• co-ordinate and manage literacy development projects

There are 16 Regional Network organizations.

You can see them all on the Learning Networks of Ontario interactive map. 


Provincial Service Organizations

Service organizations are funded by Employment Ontario to provide specific services to support all LBS organizations.  These services include, but are not limited to, technology training and support, curriculum and on-line learning resources and free access to webinar and meeting platforms.


AlphaPlus provides training, services, tools and resources to adult literacy agencies and educators in Ontario in order to increase adult literacy skills through the use of digital technologies.

AlphaPlus supports literacy educators and agencies by providing tools and resources to increase digital literacy skills among both adult learners and practitioners through a goal-oriented approach to skill development.  Periodically, AlphaPlus might conduct research and analysis on the use of computers and digital technology in literacy training delivery.  AlphaPlus offers a regular newsletter, webinars about digital technology and coaching services for LBS agencies that want to improve their use of technology.

Contact North

Employment Ontario funds Contact North to co-ordinate and provide platforms for the e-Channel on-line learning initiative.  Both learners and practitioners can access courses through the e-Channel portal. 

The e-Channel organizations are

  • Avon-Maitland District School Board– manages The Learning Hub for the Anglophone stream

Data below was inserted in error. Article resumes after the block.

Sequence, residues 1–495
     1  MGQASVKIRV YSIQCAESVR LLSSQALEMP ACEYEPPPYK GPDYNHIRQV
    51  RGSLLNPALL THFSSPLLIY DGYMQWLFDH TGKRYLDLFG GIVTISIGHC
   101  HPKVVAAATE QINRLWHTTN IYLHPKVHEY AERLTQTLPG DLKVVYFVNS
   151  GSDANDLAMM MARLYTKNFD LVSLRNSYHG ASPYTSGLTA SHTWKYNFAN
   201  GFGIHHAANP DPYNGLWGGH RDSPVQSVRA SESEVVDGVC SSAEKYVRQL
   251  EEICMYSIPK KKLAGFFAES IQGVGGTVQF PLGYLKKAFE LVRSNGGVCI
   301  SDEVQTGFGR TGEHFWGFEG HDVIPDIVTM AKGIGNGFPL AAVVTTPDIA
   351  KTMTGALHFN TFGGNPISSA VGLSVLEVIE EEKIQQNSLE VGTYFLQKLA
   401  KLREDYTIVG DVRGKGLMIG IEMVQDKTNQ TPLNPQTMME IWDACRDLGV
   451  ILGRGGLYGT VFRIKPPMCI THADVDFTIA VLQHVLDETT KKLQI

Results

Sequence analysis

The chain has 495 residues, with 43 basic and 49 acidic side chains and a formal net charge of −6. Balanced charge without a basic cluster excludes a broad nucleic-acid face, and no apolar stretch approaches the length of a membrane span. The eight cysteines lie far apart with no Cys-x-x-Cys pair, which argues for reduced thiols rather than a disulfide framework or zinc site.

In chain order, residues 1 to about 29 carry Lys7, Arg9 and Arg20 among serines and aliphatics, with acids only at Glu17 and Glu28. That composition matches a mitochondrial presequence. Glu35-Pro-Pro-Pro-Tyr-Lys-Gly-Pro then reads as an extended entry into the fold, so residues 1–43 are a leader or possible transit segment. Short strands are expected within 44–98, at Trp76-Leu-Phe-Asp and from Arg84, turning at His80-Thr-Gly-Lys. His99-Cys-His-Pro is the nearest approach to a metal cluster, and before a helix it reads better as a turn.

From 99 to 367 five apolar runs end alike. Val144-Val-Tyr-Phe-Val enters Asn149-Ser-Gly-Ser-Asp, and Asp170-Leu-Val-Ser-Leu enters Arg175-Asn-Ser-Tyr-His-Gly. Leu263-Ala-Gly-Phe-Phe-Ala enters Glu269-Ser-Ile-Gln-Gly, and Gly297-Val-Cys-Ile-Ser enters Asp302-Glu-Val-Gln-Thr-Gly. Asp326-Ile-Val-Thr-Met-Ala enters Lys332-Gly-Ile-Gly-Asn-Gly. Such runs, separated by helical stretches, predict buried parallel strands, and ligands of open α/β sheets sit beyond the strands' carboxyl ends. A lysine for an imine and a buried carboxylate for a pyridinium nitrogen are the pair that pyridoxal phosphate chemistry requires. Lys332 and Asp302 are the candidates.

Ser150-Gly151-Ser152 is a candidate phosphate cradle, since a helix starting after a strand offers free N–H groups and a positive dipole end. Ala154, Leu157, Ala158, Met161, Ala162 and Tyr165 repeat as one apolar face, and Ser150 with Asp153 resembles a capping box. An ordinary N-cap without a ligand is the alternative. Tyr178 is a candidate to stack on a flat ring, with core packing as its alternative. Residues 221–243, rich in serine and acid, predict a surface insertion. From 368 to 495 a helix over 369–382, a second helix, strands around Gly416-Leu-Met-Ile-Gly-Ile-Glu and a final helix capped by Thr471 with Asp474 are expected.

• Sioux Hudson Literacy Council manages Good Learning Anywhere for the Indigenous stream
  • la Coalition ontarienne de formation des adultes manages F@D (Formation à distance) for the Francophone stream
  • George Brown College manages Deaf Learn Now for the Deaf stream
  • ACE Distance Delivery Online – Ontario colleges’ Academic and Career Entrance courses

Contact North also hosts a webinar and meeting platform for LBS providers to present training and hold meetings with colleagues across Ontario.  This is at no cost to LBS agencies.

Centre FORA

Centre FORA (Centre franco-ontarien de ressources en alphabétisation) is a French language publisher and distributor that produces printed and interactive learning materials for adult learners as well as training support materials for instructors, its two priority audiences.

Ningwakwe Learning Press

Ningwakwe Learning Press is an Aboriginal social enterprise that creates, publishes, markets and prints Indigenous literacy and cultural learning resources for all peoples.   They create learning materials and curriculum that meet the needs of adult learners in a holistic and culturally relevant way.  They also provide publishing and printing services to all businesses and organizations.


Check Your Learning Quiz

Getting to Know Your Support Organizations

Finish the sentences with the best matches.

In order to respond to distinct learner needs, Literacy and Basic Skills funding distinguishes among  __________.


MLTSD funds __________ because learners bring individual challenges, histories and learning styles to the learning process.



The  __________ are supportive hubs of literacy information and service co-ordination for specific geographic areas across Ontario.




Regional networks facilitate the local co-ordination process that involves all literacy streams and leads to the development of the __________.





Choose the best match for each statement about using digital technologies and LBS on-line learning

Provides training, services, tools and resources to adult literacy agencies and educators in Ontario in order to increase adult literacy skills through the use of digital technologies.

Sioux Hudson Literacy Council manages ___________ for the Indigenous stream.

The Anglophone partner managed by the Centres for Employment & Learning of the Avon Maitland District School Board.

Francophone partner that is managed by la Coalition ontarienne de formation des adultes.

Your score is

The average score is 79%


Print Friendly, PDF & Email